You know the mantra: spiritual but not religious.
I’m not entirely sure what that means. I think it means warm and fuzzy on the inside but cool to anything that’s recognizably religious.
Now me, I’m just the opposite.
I’m a hardcore churchgoer.
I try to go every Sunday, and I usher at our mid-week Worship on Wednesday Chapel service. I love church music, the traditional style, not Gospel pop. I sang in a children’s choir until my voice changed. The choir director cupped her hand to her ear, pointed to me, and said, “Don’t sing.” I never sang again.
I’m not a big fan of sermons.
Sometimes I read the back of the hymnal to take my mind off it. It reminds me of Ben Franklin who told his daughter when she joined the Episcopal Church to pay more attention to the Prayer Book than the preaching. I used to be an Episcopalian myself. I was an acolyte and served at Mass. I still like to go to Midnight Mass on Christmas Eve. I don’t believe in what they’ve doing anymore, if I ever did, but they put on a good show, and I get something out of it. It’s really an indulgence in unscrupulous sentimentality on my part, but I guess sentimentality is really just cheap spirituality in the first place.
I’ve never really had what you’d call a “spiritual” experience.
I’m not sure I’d know it if I had one. People say they feel spiritual in nature. Doesn’t work for me. I don’t get much out of a walk in the woods, except maybe ticks. A sunset is nice to look at, but I don’t think it does much for my soul, if I have one. Let’s face it. I was born boring, and I plan to die that way. Nothing out of the ordinary ever happens to me. I’ve never seen Bigfoot, though I believe they exist. I’ve never seen a UFO, or encountered an extraterrestrial, though I believe they exist, too. I’ve never had a near death experience, although I have had a near life experience. That’s when you expect to die, but live instead. Mine happened on New Year’s Eve of 2000 when I was flying back from Denver. I was sure the plane was going to fall out of the air at midnight from Y2K. My whole death passed in front of me. I had a vision of the plane wreckage strewn across the plains of eastern Colorado. But that was more of a material experience than spiritual.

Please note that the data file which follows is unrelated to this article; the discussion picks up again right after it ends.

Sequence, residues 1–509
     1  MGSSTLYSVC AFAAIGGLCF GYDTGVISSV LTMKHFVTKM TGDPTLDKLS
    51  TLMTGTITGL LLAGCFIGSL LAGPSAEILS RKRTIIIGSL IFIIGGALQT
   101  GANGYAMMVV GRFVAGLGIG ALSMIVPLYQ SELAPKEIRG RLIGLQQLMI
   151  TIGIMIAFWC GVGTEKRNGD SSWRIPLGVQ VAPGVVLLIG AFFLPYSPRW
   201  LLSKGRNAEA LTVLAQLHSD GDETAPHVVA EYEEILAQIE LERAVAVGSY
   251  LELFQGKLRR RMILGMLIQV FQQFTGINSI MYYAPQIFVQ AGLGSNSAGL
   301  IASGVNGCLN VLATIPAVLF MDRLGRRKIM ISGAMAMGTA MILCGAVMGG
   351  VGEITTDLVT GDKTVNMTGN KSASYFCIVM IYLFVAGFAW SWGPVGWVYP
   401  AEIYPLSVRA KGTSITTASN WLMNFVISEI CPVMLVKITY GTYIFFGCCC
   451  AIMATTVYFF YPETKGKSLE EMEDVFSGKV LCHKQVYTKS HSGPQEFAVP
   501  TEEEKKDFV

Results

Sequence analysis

The Faith Club and a progressive religious home
There’s a book called The Faith Club about three women; a Jew, a Muslim, and a Christian. The Jew said she had religion but no faith. She identified with Jewish religious practices but had lost her faith in God. She regained her faith when she saw a sunset from an airplane. I guess that was her spiritual experience. The Muslim had faith but felt alienated from the conservative Islamic religion. Then she met a progressive imam and found religion again. The Christian woman had both faith and religion, which is probably why she was so smug. For me, I don’t have any problem with faith in God, the old-fashioned guy-in-the-sky kind, and I don’t need to fly into any sunset. I have, like the Muslim woman, found a progressive religious home, mine at All Souls. All I’m missing is the spiritual experience. But, you know what, the more I think about it, the more I wonder if maybe life isn’t a spiritual experience in itself. The Greek word for spirit is pneuma which also means breath. As long as I’m still breathing I guess I’m having a spiritual experience, the only one I’m ever going to have.
Sid Martin is a valuable member of All Souls’ and a regular contributor to beyondbelief.online. Sid asks us to Listen to each other and shares about foundation of All Souls in The Meaning of Love Beyond Belief.
If you’d like to “dip your toe” into an intentional spiritual practice, join us for the Everyday Spiritual Practices class at 7:00 p.m., following our Wednesday Connections dinner (5:30 p.m.) & WOW Chapel (6:30 p.m.) Join us at All Souls on every Sunday in February 2019 to explore the theme of Spiritual Practice and Prayer.